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For the Love of Cappiello

“I search for the arabesque; it occupies my days and nights.”

– Leonetto Cappiello

Cappiello in his studio

Cappiello at Work

Whether you realize it or not, when you think of poster art you most likely conjure the art of Leonetto Cappiello. This one artist single-handedly revolutionized poster art, making it the advertising giant it still is today.


Born in the tiny Tuscan coastal town of Livorno in 1875, Leonetto Cappiello was lucky enough to live close to, and associate with, many famous Italian creatives such as Modigliani and Puccini. He began his artistic career not by heading down the traditional path of art academies and salons, but through drafting quick and accurate caricatures of daily life in his hometown.

These caricatures were gentle, thoughtful, and playful; much different than the mocking nature that is indicative of the craft. The works caught on quickly, and when Cappiello followed his older brother to Paris in 1898 they were the among the first of his works that he was able to sell.


Ermete Novelli, 1898. Cappiello’s first piece sold in Paris: a caricature of Puccini printed in Le Rire. 

Cappiello went on to sell his caricature work to all the humor periodicals in Paris including Le Rire, Le FIgaro, Le Frou Frou,  and upon this foundation he slowly built a name for himself in the advertising world.

During turn-of-the-century Paris, poster art started to become a serious money-making venture and print studios began to double as agencies for artists. Vercasson, one such studio, signed Cappiello and soon he began churning out posters that were nothing short of iconic.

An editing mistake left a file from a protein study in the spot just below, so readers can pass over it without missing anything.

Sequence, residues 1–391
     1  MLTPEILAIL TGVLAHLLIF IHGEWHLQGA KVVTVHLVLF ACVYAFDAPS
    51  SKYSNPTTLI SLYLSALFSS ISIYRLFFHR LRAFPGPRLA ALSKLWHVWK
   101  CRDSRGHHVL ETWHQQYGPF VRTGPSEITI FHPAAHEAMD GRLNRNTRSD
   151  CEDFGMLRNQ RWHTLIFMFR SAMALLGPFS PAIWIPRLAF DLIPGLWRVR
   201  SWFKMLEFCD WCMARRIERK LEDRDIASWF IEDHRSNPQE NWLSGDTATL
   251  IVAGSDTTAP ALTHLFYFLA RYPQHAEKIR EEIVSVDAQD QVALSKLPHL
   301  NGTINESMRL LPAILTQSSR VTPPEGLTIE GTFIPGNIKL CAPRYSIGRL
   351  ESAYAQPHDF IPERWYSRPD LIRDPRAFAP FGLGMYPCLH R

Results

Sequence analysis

Maurin Quina by Cappiello, 1906.  Affectionately referred to as

Maurin Quina by Cappiello, 1906.
Affectionately referred to as “The Green Devil” by many, this poster is one of the earlier pieces the artist did under Vercasson. Click on the image to learn more about this piece.

Important to note is that the imagery and compositions Cappiello used were truly revolutionary. Traditional turn-of-the-century posters featured elegant imagery and soft lighting, highlighting the romanticism of  the Belle Epoque era. Cappiello shattered this with his strong backgrounds and bolder, simplified subjects. In order to illustrate this point, simply compare his above Maurin Quina with the below poster by Willette from the same period. :


Cote D’Azur by Willette, circa 1898. 

Cappiello was not classically trained in painting, as many of his poster artist counterparts had been, and because of this he was able to fully realize posters for what they really were; advertising.

He recognized that the true purpose of the poster was to advertise a product, and that superfluous details were not efficient.

Life in Paris was changing fast during the turn-of-the-century, and Cappiello understood that it was necessary to flatten backgrounds, simplify images, and in doing so he changed the entire field of poster art forever.

Contratto from 1922.

In this Contratto poster from 1922, Cappiello illustrates not only the elegant nature of champagne, but of those who drink it. A flat black background and large blocks of color keep the focus on the champagne. 

Cappiello’s career took off under Vercasson, and he became a star in the poster art world. His style soon was adopted by artists such as A.M. Cassandre and Jean D’Ylen. After several years at Vercasson, Cappiello moved on to work with a different printer, with whom he had a financial interest, named Devambez. His work became only bolder as the years progressed.

We are so very proud to have many of Cappiello’s most iconic and rare posters as part of our collection here at The Ross Art Group.

Please peruse our entire collection by clicking here.


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